Eva Nell

  • Reply
    Tamela
    January 30, 2014 at 11:17 am

    I grew up hearing them all (except “banjer” – somehow that seems disrespectful to call that fine instrument by other than its proper name~)and using them all; and still slip into that way of talk in certain settings. Same for all my kinfolk Kansas through Texas. Seems there’s “formal” talk and “kith and kin” talk.

  • Reply
    Ann Applegarth
    January 30, 2014 at 10:58 am

    We frequently read articles about the harm that TV has done, but they never mention this one: erasing regional accents and pronunciations. Now the younger folks speak alike — no matter where they live. They don’t have any idea what they are missing! I bet they don’t even know the song: Pie, pie, tater pie, P-I-E, E-I-P, pie! E-pers, I-pers, eata piece of pie, fer I’m plum fool ’bout tater pie!

  • Reply
    b. Ruth
    January 30, 2014 at 10:45 am

    Tipper,
    This really happened to me!
    I was at the flea market in Crossville, Tn. As usual we went to lookin’ at some of the plants ans shrubs for sale. This was last year of course! We still have an inch or so of snow this morning.
    At any rate, we saw some real purty shrubs and we asked the feller, “What color are these shrubs, they sure are purty?” He didn’t say nuthin’! Just sorta starred at us! My first thought was “Br’Rabbit”…ha I said again, “What color?” He held his hand so high, still not sound!
    Me thinkin’, “Br’Rabbit” with a twist to the story! LOL Again, I said, thinkin’ he might be readin’ my lips and that the poor thing was “deef”! I mounthed with the sound very slow…”WWhhaaattt ccooolllooorrr! Then he smiled real big…”Jello”…”What, I said?” He motioned and pointed to all….”Thes jello”, thes jello, thes jello, thes, shook his head at that one and held up three fingers and said, “trace jello!”
    “All JELLO?” I said. He nodded, I said, “thanks and left!”
    The “storal to this moral” is for you to tell me where he was from?
    If you guessed south of the border you were right! Theese man’s plantas’ were all “jello”
    I didn’t need any “JELLO” (YELLOW) shrubs!
    Thanks Tipper

  • Reply
    Ken Ryan
    January 30, 2014 at 10:42 am

    Here in East Texas those of my generation still commonly pronounce our words like that, but I notice the most young folks have not continued. They have a way of talking that makes it hard for me to understand them sometimes.

  • Reply
    Miriam Rahn
    January 30, 2014 at 10:32 am

    I have heard all of these growing up in SC and still use some of them. The one I use all of the time (and I never hear anyone say it ‘cept me) is yont. yont me to go to the store for you. (Do you want me to) Does anyone else say this?

  • Reply
    speckled snowater
    January 30, 2014 at 10:17 am

    Tipper,
    I’m late commentin’ late this mornin’!
    I had to open the “winder” and “skeer” them “hog bellied” Jays away frum the feeder, so’s the little wren type fellers could get a bite to et. By the time I hollered and shet the winder it was gettin’ on up toward ten!
    I am not understandin’ all this word thang this mornin’! Have some been havin’ trouble with their Anglish? At first, when I seen the list, I said, “Self, that Tipper, is “Springsick”, she’s a’wantin’ to “warsh her “winders”, sit on the porch and “play her banjer” get her “meters” planted so’s she can go fishin’ with those new shinny Spring minners!” Wall, I guessed I wuz wrong…Them new words you put there in them “parenthesees”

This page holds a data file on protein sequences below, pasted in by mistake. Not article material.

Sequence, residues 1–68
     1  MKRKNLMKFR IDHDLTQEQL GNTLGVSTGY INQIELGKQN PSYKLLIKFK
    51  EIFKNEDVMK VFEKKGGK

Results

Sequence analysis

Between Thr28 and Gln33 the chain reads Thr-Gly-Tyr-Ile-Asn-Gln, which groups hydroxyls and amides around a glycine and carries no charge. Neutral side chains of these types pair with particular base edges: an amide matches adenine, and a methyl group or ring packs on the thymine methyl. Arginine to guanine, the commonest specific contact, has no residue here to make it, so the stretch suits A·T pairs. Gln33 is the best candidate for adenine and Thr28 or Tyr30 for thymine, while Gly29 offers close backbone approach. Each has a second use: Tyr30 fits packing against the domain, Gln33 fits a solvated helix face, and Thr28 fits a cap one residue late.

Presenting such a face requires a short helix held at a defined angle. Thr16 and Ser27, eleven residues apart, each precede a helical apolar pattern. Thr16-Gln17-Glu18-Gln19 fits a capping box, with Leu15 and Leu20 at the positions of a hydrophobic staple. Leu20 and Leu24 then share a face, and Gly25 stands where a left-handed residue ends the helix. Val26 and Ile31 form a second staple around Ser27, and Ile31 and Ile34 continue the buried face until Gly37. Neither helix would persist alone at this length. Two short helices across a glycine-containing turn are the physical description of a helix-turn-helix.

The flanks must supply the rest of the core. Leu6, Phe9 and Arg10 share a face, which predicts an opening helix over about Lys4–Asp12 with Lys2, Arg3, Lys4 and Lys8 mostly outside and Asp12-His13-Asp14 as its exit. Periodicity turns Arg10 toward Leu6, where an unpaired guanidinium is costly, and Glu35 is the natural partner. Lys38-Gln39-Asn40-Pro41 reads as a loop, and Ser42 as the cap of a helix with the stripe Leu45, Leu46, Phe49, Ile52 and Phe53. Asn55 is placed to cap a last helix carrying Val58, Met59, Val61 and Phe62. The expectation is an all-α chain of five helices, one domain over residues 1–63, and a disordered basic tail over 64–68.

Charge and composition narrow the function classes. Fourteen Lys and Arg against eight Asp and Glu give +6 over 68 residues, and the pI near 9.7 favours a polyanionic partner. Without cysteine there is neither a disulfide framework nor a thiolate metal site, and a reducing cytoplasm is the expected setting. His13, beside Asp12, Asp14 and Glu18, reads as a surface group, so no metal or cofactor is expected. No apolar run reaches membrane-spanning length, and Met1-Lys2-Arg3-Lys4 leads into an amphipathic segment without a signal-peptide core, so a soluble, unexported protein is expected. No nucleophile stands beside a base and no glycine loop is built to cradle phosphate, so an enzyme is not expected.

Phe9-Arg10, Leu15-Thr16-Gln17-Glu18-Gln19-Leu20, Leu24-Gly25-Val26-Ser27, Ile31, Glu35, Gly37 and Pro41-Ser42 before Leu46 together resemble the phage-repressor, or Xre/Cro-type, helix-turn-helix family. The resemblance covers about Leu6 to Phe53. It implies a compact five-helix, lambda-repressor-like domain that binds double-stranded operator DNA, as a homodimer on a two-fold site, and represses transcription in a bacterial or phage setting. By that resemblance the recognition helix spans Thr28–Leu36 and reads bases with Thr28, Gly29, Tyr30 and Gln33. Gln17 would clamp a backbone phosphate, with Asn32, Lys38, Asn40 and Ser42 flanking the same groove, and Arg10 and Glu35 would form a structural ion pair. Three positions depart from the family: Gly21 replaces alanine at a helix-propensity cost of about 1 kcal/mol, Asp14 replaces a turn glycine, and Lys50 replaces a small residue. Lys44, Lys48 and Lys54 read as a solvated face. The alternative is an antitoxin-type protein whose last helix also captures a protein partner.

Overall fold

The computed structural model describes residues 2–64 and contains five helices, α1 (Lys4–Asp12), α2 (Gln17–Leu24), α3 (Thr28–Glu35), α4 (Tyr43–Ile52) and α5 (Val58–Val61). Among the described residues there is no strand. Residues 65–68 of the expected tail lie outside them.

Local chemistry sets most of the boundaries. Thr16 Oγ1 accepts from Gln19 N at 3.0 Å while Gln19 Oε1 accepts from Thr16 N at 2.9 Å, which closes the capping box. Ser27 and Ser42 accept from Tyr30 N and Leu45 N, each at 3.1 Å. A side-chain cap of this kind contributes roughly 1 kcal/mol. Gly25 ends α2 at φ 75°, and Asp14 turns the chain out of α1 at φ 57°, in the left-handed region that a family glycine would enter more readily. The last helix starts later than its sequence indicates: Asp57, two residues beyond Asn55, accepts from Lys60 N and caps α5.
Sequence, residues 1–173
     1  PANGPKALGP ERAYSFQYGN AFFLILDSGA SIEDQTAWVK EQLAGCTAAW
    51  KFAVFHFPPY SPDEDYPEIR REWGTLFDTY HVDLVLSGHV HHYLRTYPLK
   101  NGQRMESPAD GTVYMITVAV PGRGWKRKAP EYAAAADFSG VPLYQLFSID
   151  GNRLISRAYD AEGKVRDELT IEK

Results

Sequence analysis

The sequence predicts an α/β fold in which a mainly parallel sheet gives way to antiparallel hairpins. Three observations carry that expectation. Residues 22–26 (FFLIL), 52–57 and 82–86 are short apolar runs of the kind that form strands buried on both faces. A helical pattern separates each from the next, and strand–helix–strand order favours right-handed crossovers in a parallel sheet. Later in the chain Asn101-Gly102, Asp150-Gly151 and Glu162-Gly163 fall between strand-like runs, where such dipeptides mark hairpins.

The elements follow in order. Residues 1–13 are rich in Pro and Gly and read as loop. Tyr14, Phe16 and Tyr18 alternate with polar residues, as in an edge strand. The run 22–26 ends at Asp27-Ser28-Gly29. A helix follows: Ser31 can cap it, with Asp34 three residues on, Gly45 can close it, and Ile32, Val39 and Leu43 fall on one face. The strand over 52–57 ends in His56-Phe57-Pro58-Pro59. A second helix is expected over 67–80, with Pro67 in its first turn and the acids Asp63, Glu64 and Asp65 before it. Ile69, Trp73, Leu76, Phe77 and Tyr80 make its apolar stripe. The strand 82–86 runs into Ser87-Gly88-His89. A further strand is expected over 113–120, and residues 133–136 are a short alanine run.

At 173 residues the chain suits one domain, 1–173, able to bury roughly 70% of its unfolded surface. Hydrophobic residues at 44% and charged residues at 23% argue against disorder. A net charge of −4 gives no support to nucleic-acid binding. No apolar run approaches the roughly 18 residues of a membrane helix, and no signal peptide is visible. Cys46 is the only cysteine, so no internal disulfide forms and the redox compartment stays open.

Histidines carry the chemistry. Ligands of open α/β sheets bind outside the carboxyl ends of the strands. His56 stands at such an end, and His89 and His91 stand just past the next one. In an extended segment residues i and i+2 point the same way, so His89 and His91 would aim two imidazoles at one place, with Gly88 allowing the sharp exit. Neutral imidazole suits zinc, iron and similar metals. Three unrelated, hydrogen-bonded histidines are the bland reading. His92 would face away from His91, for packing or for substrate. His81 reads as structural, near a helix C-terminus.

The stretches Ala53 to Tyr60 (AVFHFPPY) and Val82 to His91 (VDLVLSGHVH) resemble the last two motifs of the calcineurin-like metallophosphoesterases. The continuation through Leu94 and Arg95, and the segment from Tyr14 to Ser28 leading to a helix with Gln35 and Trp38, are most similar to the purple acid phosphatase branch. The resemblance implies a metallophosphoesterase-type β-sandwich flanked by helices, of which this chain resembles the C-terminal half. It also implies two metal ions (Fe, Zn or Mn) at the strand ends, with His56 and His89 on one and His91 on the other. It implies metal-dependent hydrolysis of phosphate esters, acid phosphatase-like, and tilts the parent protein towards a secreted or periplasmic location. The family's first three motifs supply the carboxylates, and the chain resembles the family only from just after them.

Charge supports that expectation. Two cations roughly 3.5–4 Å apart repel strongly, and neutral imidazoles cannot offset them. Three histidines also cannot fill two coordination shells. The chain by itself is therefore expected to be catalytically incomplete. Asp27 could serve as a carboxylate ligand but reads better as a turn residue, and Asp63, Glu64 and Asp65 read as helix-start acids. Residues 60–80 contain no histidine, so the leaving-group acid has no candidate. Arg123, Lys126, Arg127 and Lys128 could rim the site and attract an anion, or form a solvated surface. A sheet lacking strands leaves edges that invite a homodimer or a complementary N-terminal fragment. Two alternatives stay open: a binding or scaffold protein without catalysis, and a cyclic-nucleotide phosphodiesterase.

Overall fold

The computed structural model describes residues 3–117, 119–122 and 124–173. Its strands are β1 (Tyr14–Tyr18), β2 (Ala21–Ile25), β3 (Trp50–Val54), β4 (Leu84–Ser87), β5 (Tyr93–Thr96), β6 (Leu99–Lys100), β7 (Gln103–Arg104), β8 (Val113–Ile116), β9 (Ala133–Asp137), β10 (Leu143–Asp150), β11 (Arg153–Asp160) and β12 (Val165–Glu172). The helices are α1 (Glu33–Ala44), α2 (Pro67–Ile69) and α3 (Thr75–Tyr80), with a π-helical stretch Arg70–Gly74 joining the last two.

I haven’t heerd much but you left out ‘tater. That man at co-op or Grainge as he called hisself…asked me if I needed some “seed potatos” he said it so hi-flutin’ and la-ti-da that when he brung them over to the counter, I expected them to have high-heels and a feather boa round the sproutin’ necks!
    Thanks Tipper
    Thanks Tipper

  • Reply
    Bob Aufdemberge
    January 30, 2014 at 10:10 am

    It’s always a little surprising to find so many similarities between local dialects from Appalachia and those out here on the edge of the Great Plains. Most of the added r’s are (or used to be, before the man on the sis o’clock news became the standard)in use hereabouts. The one that survives strongest is “warsh” for wash, and we get bedeviled by the younger set for using it.

  • Reply
    Larry Proffitt
    January 30, 2014 at 10:10 am

    I regret to admit that I routinely use all these “r’s” . My wife often kids me but as our friend Zach said once upon a time , she has a pretty heavy accent herself even though she grew up close to Knoxville, Tn. My grandsons only try to educate me on supper and dinner. Larry Proffitt

  • Reply
    Marc Kruger
    January 30, 2014 at 10:04 am

    Growing up in Jersey, we all said ‘warter’ for water and ‘warsh’ for wash. At 70 years old, these are still my pronunciations even though my children don’t use them. When we lived in West Tennessee, my children used ‘fixin’, ‘yonder’ and other words that they adopted from their local children friends.

  • Reply
    Janet Smart
    January 30, 2014 at 9:49 am

    Those are very common where I live.

  • Reply
    dolores
    January 30, 2014 at 9:36 am

    Interesting words today! Our native born Carolinian friends do speak with the ‘r’ added. I’m afraid that was something I noticed when we built our house in NC. However, banjer still has me a bit confused. I need a clarification on it. I’m still learning!

  • Reply
    Garland Davis
    January 30, 2014 at 9:34 am

    ?I grew up hearing those words pronounced that way. Still hear them that way in my head.

  • Reply
    Shirla
    January 30, 2014 at 9:25 am

    Just yesterday my cousin said they cancelled school again because the roads up the hollers were still slick. That’s exactly how we talk (to each other). We also drop the a and add ie to people’s names.

  • Reply
    Ron Banks
    January 30, 2014 at 9:24 am